Thank you so much, Steven!

-There haven’t been any for GWD, as far as we know, which is why we proposed this project. This community-based, educational approach is one Femme has been developing in our MHM education programme, knowing the importance of community involvement
-MHM for GWD is in its infancy, and results will provide a basic blueprint for future projects in similar settings
-This population suffers from double discrimination; having a disability, and being female. That is why workshops and sensitisation for the greater community, such as Kungwis (impart knowledge and wisdom regarding menstruation and SRH to teenagers), BWD, parents/caregivers of GWD, and key government staff are included
-GWD are the primary focus. Working with those around them to address taboos and myths will enable a safer, healthier, and more confident MHM
-Both. Femme’s experience has shown that simply supplying a MMM is insufficient. Uptake is often low and usage flawed. By tackling wider-held myths, we aim to create an environment that supports the menstruator, whether or not she is a GWD
-The Training of Trainers with Kungwis will ensure information is passed on to all girls. Building the capacity of YDCP staff on MHM will positively affect future GWD who attend. Key government officials who participated in FGDs will attend workshops, to raise awareness of the issues GWD (and all menstruators) face, and contribute to supportive, informed policy-making
-The pilot ran in 2016 in Moshi, TZ with 15 GWD and their caregivers, a very limited scope. We learnt that M&E data collected from caregivers is very poor, and are modifying tools to collect information from GWD. The curriculum needs to be more user-friendly, based on needs assessments and in consultation with YDCP staff. Teachers need to be trained in order to maximise learning. BWD and male caregivers need to be included, and relationship/SRH issues taught
-Femme has seen no participation from GWD. We work primarily in secondary schools, and communities, and people with disabilities are generally excluded from these settings due stigma. Most children with disabilities (CWD) are left at home without education. In the community, CWD are generally considered useless; training or educating them is a waste of time. The pilot with GWD in Moshi is one of the first examples of MHM addressing the unique needs of this hard-to-reach population
-Myths, taboos, and misinformation abound and pervade all aspects of life, and it is often not enough to debunk the myth; respected community leaders must be on board, hence the community-based approach. Menstrual blood is generally thought to be cursed in some way, or hold destructive powers. Menstruators cannot touch living things (plant, animal), restricting their activities, especially if their income is food- or farming-related. Anyone knowing another’s menstrual status (especially a male) is an huge shame that affects how MMM is sourced, washed, dried, and stored. 99% of secondary school WASH facilities in Tanzania are inappropriate for a menstruating girl: no doors/locks for privacy, light to see, space to change, water/soap, or disposal. Along with verbal abuse from male students and teachers, girls are more likely to miss altogether, or leave early to change, increasing the risk of falling too far behind and dropping out. Fathers aren’t told when their daughter reaches menarche, as he may want to have sex with her. Menarche is traditionally seen as a sign girls are ready for sex, marriage, and children, and are married off or viewed differently In Tanga, menstruators may not cross a crossroad or sit near a male, which severely limits their movement and has consequences for economics, health, and safety of both individual and family. Girls have far less power in society, and Femme has found that supplying them with a MMM is useless if parents/community resist the product or the teachings. Parents, communities, elders, and policy-makers need to be included as well, which is one of the reasons we have expanded the scope of this proposed programme to include Kungwis to help the community overcome resistance towards modern MMM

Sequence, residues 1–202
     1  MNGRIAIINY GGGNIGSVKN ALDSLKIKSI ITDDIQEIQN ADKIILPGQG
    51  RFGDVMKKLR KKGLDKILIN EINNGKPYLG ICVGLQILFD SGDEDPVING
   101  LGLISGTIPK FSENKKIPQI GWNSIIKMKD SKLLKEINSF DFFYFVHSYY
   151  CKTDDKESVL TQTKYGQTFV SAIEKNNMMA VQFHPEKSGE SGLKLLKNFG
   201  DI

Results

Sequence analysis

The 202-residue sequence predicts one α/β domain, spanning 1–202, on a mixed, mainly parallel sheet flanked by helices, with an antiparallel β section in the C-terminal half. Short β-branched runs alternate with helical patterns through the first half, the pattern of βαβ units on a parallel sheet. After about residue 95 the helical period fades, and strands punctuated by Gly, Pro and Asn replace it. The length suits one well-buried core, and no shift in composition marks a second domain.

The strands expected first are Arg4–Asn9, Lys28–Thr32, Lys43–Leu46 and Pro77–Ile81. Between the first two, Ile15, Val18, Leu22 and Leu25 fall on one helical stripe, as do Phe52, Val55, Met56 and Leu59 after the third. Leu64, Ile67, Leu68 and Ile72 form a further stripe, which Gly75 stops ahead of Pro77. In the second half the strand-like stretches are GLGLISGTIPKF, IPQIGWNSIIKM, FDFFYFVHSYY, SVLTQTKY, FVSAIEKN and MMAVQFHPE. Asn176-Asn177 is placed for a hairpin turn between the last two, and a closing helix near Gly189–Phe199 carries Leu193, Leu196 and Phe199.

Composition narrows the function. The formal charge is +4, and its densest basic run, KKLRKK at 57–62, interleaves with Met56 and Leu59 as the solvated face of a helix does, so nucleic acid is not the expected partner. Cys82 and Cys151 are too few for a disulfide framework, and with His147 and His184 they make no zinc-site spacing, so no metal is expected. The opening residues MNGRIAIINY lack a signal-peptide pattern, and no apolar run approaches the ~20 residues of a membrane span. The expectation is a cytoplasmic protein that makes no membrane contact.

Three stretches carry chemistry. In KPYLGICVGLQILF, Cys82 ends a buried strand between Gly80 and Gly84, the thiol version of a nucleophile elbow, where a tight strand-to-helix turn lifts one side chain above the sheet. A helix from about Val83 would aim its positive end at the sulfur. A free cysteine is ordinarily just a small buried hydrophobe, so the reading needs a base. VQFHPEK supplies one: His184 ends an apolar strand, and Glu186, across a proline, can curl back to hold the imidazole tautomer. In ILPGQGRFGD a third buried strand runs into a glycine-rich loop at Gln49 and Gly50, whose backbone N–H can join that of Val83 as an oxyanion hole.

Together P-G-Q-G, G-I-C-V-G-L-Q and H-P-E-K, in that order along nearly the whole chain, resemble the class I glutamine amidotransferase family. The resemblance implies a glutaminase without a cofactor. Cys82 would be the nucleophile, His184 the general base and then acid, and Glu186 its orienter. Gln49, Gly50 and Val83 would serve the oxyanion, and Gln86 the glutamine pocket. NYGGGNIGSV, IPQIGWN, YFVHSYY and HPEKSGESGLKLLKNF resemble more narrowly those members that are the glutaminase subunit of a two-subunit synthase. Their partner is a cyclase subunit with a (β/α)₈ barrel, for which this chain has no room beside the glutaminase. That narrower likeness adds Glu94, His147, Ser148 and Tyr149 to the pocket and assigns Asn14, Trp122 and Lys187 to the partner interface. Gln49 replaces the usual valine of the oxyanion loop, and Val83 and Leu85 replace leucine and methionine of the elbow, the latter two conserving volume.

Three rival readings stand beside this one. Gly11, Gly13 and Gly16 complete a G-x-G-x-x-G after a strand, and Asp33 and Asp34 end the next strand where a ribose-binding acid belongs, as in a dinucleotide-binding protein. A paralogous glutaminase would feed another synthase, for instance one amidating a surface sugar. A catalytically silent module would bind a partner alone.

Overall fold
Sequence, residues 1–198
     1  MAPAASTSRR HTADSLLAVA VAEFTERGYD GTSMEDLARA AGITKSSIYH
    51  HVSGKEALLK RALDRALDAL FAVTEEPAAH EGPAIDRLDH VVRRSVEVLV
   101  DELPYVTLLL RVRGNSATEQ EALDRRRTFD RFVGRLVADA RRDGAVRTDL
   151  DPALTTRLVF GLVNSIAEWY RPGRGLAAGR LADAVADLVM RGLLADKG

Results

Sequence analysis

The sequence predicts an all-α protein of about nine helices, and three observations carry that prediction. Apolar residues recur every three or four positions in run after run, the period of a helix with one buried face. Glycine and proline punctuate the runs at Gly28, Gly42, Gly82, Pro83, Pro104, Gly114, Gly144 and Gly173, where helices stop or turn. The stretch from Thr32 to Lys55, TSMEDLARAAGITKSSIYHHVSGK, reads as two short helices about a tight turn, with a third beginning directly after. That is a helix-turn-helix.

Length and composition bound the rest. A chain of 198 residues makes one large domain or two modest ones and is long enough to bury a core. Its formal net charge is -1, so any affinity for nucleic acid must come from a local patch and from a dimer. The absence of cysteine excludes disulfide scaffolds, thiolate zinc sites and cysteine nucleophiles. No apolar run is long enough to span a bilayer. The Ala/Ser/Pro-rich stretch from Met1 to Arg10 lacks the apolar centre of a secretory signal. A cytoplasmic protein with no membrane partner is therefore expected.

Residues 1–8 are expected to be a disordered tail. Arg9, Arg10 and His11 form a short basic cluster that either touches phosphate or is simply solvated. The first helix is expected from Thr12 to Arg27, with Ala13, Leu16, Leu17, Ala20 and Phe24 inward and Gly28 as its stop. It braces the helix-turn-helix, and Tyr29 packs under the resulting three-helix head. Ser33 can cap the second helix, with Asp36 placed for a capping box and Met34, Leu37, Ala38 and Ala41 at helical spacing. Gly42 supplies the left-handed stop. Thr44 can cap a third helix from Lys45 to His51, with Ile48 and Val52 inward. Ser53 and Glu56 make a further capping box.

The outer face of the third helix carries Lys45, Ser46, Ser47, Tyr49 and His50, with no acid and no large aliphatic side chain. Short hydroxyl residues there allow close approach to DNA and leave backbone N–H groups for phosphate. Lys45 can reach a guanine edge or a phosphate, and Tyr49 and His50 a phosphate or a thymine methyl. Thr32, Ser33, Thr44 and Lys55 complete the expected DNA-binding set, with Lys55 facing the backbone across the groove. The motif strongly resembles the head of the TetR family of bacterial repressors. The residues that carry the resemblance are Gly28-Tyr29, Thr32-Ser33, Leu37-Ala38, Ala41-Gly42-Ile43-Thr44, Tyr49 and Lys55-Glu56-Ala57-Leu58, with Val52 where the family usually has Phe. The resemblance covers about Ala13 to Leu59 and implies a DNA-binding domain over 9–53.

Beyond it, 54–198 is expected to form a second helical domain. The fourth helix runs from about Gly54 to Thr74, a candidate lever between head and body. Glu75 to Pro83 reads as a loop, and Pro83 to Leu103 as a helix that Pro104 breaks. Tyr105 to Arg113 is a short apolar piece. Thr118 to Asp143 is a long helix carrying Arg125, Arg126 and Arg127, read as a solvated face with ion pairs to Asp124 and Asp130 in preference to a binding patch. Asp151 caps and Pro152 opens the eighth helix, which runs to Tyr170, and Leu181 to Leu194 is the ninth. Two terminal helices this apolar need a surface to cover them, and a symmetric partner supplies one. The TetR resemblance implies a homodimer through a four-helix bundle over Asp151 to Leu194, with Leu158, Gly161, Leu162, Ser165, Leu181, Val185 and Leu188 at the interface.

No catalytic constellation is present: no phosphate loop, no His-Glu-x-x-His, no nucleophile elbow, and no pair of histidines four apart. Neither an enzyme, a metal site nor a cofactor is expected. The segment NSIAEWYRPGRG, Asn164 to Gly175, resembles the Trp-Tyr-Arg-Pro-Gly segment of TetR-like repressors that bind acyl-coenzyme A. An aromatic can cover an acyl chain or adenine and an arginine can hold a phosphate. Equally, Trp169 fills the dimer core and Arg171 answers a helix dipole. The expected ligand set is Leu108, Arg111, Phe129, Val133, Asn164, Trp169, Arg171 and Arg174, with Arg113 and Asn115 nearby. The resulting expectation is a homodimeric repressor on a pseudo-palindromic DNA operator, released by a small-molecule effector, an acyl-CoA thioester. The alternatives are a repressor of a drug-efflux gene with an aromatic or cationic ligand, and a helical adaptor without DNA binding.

-No comprehensive or standardised indicators exist for MHM and programme success; Femme is currently developing indicators in partnership with 2 MHM NGOs in East Africa. Our logic model gives an idea of the milestones and indicators that would be success
GWD using their MMM MHM (safely washing, drying, and storing)
Increased knowledge of puberty, anatomy, menstruation, SRH Health (decrease in symptoms related to poor MHM, unsafe sex)
Increased agency for GWD (increased confidence, feeling of importance, feeling that have a voice)
Decreased stigma for all menstruators (Kungwis and families not perpetuating myths)
Kungwis teaching (all) girls about good MHM, SRH, increasing their confidence in themselves and ability to manage their periods, not emphasising sex, antiquated gender roles, and shaming/abusing girls in their charge